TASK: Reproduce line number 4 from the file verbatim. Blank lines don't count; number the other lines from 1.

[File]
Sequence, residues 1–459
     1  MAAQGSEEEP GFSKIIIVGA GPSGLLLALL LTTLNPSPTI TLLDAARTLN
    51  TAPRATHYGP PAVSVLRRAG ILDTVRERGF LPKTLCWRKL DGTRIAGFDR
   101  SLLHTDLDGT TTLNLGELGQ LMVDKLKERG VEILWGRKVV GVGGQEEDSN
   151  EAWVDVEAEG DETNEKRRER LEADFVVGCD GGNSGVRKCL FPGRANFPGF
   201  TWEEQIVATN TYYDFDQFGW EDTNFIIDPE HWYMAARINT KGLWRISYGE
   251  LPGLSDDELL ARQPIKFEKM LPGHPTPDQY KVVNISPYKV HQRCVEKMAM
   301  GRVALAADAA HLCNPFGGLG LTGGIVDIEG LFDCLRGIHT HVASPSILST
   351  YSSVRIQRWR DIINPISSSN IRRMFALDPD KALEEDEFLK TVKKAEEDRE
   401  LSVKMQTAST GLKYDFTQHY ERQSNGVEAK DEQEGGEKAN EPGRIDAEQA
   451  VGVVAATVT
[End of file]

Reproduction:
   101  SLLHTDLDGT TTLNLGELGQ LMVDKLKERG VEILWGRKVV GVGGQEEDSN